Mr O’Keefe’s goal was to share his experience of regaining independence with the world and offer inspiration for the future.

‘My hope is that I’m paving the way for people to tweet through thoughts,’ was his closing statement.

He received the brain computer interface in April 2020 following progressive paralysis caused by ALS which left him unable to engage in work-related or other independent activities. 

The Synchron team uses blood vessels as a natural highway to the brain, which are laced with sensors that record activity. The Stentrode device implanted in the brain measures 40mm in length

He has since been using the technology to reconnect with his family and business colleagues – continuing email exchanges and staying actively involved in his consultancy and other business projects.

Mr Oxley said: ‘These fun holiday tweets are actually an important moment for the field of implantable brain computer interfaces. 

‘They highlight the connection, hope and freedom that BCIs give to people like Phil who have had so much of their functional independence taken away due to debilitating paralysis.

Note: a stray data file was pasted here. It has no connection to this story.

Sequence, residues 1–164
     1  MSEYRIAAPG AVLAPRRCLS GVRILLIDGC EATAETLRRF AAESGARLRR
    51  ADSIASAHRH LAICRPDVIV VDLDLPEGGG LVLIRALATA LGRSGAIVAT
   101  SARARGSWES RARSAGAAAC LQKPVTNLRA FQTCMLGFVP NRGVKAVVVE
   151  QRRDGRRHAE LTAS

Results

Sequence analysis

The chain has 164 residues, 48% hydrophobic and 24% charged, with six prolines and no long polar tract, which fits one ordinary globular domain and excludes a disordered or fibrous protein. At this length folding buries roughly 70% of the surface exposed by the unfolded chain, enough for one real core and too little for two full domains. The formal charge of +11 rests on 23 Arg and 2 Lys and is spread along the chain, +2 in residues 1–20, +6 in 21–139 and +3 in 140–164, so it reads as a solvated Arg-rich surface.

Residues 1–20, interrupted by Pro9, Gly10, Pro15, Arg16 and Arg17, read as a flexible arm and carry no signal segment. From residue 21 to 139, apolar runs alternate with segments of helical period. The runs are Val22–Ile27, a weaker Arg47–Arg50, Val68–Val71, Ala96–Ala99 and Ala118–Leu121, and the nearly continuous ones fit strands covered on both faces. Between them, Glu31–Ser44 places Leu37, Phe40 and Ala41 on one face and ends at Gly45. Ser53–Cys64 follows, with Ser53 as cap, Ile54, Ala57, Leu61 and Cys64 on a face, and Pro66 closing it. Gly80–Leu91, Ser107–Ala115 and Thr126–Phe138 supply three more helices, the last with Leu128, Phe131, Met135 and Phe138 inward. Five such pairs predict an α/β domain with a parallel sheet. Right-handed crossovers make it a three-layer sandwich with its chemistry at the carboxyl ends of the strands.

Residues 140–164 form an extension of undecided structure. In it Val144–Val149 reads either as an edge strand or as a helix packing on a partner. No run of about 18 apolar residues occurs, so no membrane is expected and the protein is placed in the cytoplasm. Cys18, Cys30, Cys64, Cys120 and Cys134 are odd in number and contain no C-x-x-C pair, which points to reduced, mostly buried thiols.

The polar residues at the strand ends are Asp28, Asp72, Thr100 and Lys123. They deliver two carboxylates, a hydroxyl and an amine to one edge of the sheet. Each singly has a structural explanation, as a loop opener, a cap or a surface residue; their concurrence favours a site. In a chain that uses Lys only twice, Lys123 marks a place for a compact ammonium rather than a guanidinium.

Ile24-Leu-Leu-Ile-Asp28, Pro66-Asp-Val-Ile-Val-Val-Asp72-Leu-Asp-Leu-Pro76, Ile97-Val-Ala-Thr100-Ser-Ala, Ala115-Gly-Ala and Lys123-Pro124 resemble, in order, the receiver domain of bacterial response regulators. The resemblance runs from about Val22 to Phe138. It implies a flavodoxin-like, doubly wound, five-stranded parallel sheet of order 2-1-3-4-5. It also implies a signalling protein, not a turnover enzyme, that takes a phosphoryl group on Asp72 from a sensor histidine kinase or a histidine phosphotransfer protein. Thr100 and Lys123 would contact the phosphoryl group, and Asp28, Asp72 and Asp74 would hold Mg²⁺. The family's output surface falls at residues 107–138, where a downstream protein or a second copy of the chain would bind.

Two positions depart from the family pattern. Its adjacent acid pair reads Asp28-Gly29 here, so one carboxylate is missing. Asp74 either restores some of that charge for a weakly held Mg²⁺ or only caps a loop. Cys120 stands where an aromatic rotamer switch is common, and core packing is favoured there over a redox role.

‘We look forward to advancing our brain computer interface, Stentrode, in the first US in-human study next year.’ 

Texting via the power of thought: How the brain implant works

Using the Stentrode brain computer interface, patients achieved an average click accuracy of 92 percent and 93 percent and typing speeds of 14 and 20 characters per minute – without lifting a finger.

The team is using blood vessels as a natural highway to the brain, which are laced with sensors that record activity.

These signals are then sent through a telemetry unit to a small computer taped to the patient’s chest, which interprets what actions the individual wants to perform on the nearby PC, such as texting, emailing and shopping online.

The Stentrode device is small and flexible, allowing it to safely pass through curving blood vessels in the brain. Pictured are the sensors that are placed in the vessels

The brain computer interface allows patients to carry out tasks on a computer just by using their mind. The images here show the brain chip (top) and sensors (bottom) that are implanted

The successful human trials come at a time that many companies are working tirelessly to develop the first brain chip – specifically Elon Musk’s Neuralink, which has only demonstrated its device in a pig.

The 40mm-long Stentrode device is small and flexible, allowing it to safely pass through curving blood vessels in the brain.

The team notes the procedure is similar to that of a pacemaker and does not require open brain surgery.

Once the chip is implanted, sensors are laid through the vessels and inserted into an internal telemetry unit that connects to a wireless transmitter taped to the patient’s chest.

Brain activity is collected by the sensors, which are sent to the transmitter that interprets them into computer tasks.

The system also includes an eye-tracker to navigate the cursor on the computer screen.